This weekend we enter Holy Week. This could have been a long Lent for some of us, purposefully giving up what we enjoy, emptying ourselves to embrace the spirituality of the season. We cannot help ourselves casting half a glance at Easter and the days after. We are ready to jet off once again into the distractions, and temptations, of life. Lent is not a season-long ritual, but a reminder of who we are and who we can be, and a time to recalibrate our views and moral compass.

Easter, and mystagogy, is a purposeful season too. When we jump out of Lent without Easter, Lent can leave us stuck at the foot of the cross, half-thinking that suffering is part of the accord in being Christian. Suffering is simply part of life. A good Easter season help us to ‘see’ the Risen Christ in our midst, the living of our faith in the realities of life. A good Easter season draws us into the lived experience of the Resurrection.

But back of these final days of Lent. Last Sunday’s Gospel saw a group of men bringing a woman and standing her in public view condemning her for her sins. Jesus asked a question that should also probe our hearts, “If there is one of you who have not sinned, let him be the first to throw a stone at her”. Something stirred in their hearts, for “when they heard this, they went away one by one”.

We too participate in this herd mentality even if we do not propose views. We participate when we are influenced by them. This is not all negative because the power of an Easter community can do wonders to our faith life too. Social media has been a powerful influencer. Technology and the internet are here to stay; they can take us away from a life of faith. Here is why we must be like the group of men in the gospel entering into the silence of self to discern. And walk away.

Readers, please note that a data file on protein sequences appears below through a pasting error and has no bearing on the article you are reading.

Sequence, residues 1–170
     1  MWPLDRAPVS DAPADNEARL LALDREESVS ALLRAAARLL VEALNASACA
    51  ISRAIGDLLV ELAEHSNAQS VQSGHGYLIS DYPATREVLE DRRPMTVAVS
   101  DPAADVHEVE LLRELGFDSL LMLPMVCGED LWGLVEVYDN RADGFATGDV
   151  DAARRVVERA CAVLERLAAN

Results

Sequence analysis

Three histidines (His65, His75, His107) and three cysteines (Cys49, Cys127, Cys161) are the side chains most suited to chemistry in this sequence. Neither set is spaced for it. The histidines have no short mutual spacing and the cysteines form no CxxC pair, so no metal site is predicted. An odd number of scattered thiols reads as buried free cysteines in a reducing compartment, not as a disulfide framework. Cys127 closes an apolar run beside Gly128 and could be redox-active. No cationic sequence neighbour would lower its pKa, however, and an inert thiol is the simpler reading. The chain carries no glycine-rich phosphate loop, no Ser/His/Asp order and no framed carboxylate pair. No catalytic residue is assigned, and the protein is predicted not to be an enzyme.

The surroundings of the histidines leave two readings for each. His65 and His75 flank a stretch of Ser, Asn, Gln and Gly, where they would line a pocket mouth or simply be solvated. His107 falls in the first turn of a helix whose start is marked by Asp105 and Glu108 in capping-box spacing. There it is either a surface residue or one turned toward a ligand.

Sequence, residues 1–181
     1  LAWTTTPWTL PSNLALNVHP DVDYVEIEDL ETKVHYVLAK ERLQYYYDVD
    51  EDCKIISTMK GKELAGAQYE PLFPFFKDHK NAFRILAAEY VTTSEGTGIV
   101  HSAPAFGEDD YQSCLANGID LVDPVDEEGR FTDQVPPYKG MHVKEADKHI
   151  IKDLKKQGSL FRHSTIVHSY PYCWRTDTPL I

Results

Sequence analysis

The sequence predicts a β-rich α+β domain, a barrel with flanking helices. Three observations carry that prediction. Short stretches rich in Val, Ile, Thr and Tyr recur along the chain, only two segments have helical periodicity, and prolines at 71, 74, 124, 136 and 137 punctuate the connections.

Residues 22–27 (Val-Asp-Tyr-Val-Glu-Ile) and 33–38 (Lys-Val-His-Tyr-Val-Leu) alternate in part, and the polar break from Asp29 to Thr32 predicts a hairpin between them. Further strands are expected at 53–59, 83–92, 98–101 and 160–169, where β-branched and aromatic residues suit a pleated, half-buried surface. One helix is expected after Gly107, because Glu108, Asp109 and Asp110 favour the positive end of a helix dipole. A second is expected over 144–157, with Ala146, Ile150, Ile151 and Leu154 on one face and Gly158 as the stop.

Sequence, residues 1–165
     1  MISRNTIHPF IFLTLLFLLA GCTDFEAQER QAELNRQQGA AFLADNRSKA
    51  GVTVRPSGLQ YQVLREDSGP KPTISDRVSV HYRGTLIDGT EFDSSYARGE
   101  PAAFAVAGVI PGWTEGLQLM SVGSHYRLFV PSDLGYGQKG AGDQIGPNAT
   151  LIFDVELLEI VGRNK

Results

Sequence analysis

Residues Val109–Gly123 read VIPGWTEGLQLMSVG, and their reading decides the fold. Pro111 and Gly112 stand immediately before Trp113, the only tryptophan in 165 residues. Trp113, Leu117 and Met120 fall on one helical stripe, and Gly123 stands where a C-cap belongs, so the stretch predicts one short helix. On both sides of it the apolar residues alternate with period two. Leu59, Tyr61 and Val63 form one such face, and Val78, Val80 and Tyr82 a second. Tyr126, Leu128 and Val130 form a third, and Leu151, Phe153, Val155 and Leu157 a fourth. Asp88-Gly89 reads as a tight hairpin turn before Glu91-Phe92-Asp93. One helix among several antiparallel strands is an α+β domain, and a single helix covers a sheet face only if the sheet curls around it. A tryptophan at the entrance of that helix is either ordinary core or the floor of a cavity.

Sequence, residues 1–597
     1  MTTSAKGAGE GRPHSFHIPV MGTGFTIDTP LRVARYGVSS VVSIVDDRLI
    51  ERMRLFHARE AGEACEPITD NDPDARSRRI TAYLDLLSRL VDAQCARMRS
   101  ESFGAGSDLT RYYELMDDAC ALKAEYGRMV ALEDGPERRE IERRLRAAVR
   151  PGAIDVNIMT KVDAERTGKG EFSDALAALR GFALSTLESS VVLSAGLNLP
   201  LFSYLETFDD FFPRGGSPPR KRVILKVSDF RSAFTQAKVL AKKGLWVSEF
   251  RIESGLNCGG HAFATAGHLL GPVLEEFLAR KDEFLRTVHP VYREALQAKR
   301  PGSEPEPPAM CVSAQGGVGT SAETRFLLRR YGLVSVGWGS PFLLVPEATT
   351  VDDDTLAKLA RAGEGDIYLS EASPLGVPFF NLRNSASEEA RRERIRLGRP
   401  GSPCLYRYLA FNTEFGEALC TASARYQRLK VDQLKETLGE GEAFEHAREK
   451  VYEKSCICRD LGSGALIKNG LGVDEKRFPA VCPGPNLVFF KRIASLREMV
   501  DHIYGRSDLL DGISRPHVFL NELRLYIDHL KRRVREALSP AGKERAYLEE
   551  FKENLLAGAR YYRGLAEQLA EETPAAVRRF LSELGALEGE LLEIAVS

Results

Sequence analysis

One of the ‘modern day’ development is that we have push confessions aside. This Lent, with the pandemic, may be too early for many to physically return to this sacrament. Like the group of men, we can go into an internal confession, and have that conversation with our God. Have modern day influences cause us to lose the sense of sin in many areas of our life?

Today we are all better at social skills; a smile can disguise the bearing of teeth ready to bite. We need to sort out our internal imperfections as we enter Holy Week to exit Lent and embrace Easter. We must confront how we truly feel, especially towards the other person. We have allowed prejudices to grow that can develop maliciously into unwarranted anger and even hatred. Our inner hidden views make us quick to condemn and throw stones at others. We say hurtful words even if they are in the silence of our heart. There are loads more. These are roots that can be self-destroying.

There is a lot happening inside us. Where there need to be they must be confessed, only then can Easter come in its full glory inside us. In these final days of Lent, we should not push aside our personal confessions. We must enter deep and have that discernment to walk away. We are all sinners. No one is throwing any stones at us.

For the 5th Sunday of Lent